Team Earns Runner-Up Title at National Voir Dire Competition

Photograph: Voir Dire Team and CoachesWashburn University School of Law claimed the title of runner-up in the finals of UMKC’s "Show Me Challenge" National Voir Dire tournament on Saturday, April 7 and 8, 2017, in Kansas City, Missouri. Washburn Law was defending its 2016 national championship at this competition. The competition team consisted of Cleotha Daniels, JD Candidate ’19; Ryan Laudermilk, JD Candidate ’17; and Suzanne Lueker, JD Candidate ’17, who was the only returning member from the 2016 team.

Washburn Law’s team is coached by Danielle, '09, and Jay Hall, '07, both of whom also received Washburn undergraduate degrees.

Voir dire is the process of jury selection. The "Show Me Challenge" is the only competition in the nation to focus on this specific lawyering skill. Participating teams must conduct a voir dire in which they question potential jurors, go through the process of striking jurors from the panel, and present an opening statement to the remaining jury pool. This competition is unique because it is judged by attorneys and sitting judges, as well as by volunteer lay people who are selected for the jury panel.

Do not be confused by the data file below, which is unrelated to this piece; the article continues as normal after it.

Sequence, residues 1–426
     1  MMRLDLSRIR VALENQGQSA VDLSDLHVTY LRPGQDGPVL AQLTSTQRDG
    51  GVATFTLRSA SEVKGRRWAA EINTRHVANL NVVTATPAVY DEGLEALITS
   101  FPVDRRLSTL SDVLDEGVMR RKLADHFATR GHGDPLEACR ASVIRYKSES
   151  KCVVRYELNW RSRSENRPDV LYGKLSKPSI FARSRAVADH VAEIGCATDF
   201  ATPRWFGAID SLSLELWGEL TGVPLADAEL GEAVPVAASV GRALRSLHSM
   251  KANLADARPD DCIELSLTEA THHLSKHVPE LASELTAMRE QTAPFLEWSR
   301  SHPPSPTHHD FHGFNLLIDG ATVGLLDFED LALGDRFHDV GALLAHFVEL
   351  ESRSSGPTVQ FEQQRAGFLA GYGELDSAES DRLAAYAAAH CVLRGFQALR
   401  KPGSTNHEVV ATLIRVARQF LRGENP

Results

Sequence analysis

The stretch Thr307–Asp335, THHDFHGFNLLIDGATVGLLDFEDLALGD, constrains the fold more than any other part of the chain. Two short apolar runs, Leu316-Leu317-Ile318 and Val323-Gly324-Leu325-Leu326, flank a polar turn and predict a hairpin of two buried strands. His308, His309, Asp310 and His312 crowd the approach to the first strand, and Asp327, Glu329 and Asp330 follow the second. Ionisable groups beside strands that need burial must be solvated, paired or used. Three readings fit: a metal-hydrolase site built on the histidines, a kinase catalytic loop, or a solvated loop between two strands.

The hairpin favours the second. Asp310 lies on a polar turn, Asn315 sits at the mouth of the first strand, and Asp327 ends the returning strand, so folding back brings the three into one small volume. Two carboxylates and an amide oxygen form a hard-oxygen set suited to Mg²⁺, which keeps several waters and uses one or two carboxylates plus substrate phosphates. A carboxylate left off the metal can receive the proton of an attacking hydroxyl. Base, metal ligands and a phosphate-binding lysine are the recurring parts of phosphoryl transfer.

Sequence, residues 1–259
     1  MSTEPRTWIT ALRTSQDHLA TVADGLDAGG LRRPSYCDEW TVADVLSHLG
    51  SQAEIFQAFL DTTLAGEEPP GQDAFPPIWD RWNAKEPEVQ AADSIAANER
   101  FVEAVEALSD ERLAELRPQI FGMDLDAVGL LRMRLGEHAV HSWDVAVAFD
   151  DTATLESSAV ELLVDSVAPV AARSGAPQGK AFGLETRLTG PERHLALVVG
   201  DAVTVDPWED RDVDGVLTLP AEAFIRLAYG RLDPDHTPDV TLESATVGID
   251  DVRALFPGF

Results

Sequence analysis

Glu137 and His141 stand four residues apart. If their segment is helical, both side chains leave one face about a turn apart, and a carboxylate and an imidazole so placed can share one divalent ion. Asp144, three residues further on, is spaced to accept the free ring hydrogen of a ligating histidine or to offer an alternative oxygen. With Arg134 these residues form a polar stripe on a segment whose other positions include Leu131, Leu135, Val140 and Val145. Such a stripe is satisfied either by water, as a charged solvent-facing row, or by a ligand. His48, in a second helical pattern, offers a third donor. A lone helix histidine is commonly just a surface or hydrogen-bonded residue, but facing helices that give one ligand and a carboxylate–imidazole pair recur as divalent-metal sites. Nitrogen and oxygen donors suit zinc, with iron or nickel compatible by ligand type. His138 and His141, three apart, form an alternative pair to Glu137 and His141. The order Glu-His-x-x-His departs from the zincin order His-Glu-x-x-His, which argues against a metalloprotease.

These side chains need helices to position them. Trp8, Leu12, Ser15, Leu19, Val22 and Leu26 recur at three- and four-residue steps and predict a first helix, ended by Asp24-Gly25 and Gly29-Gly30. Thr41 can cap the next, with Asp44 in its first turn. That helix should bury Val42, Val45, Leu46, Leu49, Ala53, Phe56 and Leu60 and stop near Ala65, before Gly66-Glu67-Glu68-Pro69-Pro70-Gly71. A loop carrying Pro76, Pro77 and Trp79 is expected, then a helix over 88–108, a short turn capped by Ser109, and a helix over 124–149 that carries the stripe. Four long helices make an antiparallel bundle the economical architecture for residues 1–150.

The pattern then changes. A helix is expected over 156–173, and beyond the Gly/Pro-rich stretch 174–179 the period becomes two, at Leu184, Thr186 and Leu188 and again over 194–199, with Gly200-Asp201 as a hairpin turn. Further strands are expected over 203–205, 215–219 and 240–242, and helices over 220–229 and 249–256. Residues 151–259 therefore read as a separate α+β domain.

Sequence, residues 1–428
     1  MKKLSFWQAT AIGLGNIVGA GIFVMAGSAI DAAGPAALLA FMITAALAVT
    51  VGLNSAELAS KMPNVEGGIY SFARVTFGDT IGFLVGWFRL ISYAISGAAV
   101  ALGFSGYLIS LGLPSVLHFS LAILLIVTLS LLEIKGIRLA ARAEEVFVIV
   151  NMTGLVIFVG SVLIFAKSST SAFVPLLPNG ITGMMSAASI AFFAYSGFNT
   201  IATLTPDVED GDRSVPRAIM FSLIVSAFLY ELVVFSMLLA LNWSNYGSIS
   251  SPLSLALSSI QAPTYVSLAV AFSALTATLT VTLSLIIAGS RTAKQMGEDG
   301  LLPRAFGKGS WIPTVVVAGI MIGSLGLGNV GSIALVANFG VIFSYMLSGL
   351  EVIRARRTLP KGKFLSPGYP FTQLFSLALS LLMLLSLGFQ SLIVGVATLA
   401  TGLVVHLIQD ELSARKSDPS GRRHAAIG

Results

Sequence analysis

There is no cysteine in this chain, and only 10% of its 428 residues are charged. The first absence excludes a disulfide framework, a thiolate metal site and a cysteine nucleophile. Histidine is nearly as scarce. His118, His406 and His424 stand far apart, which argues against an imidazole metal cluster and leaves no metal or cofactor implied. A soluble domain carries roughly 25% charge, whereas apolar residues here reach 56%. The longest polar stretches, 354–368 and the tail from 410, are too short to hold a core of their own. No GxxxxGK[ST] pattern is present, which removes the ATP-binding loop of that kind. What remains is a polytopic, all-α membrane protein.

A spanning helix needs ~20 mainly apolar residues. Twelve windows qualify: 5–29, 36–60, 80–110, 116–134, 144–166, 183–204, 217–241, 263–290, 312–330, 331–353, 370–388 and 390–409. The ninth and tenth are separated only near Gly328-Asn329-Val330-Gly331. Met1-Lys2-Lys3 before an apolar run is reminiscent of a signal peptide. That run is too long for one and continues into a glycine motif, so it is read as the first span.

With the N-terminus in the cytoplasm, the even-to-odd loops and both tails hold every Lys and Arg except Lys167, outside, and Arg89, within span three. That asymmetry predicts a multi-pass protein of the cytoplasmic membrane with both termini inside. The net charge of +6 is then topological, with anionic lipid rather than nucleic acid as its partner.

On the first day of the Voir Dire competition, the students compete in three preliminary rounds. During these rounds, the students alternate responsibilities: one student performs the 30-minute jury voir dire; another student serves as the second chair, handling appearances, motions, and jury strikes; and the third student gives the opening statement to the jury.

In the preliminary rounds Washburn Law faced teams from Wyoming, Chicago-Kent, and Creighton. Washburn Law emerged from the prelims with a 2-1 record, which qualified the team for the semifinals against traditional trial advocacy power Stetson.

For the semi-final and final rounds, the team’s coaches place the students in their optimal positions. For the 2017 competition, the jury voir dire was performed by Lueker, with Laudermilk second-chairing, and Daniels delivering the opening statement.

Washburn Law defeated Stetson in a close semifinal to advance to the national final for the second consecutive year.

In a very tough final round, Federal District Court Judge Stephen Bough, who judged the round, commented that both teams were very evenly matched and choosing the winning team was a difficult decision. Washburn Law ultimately finished as the national runner up, with Saint Louis University School of Law winning the national title.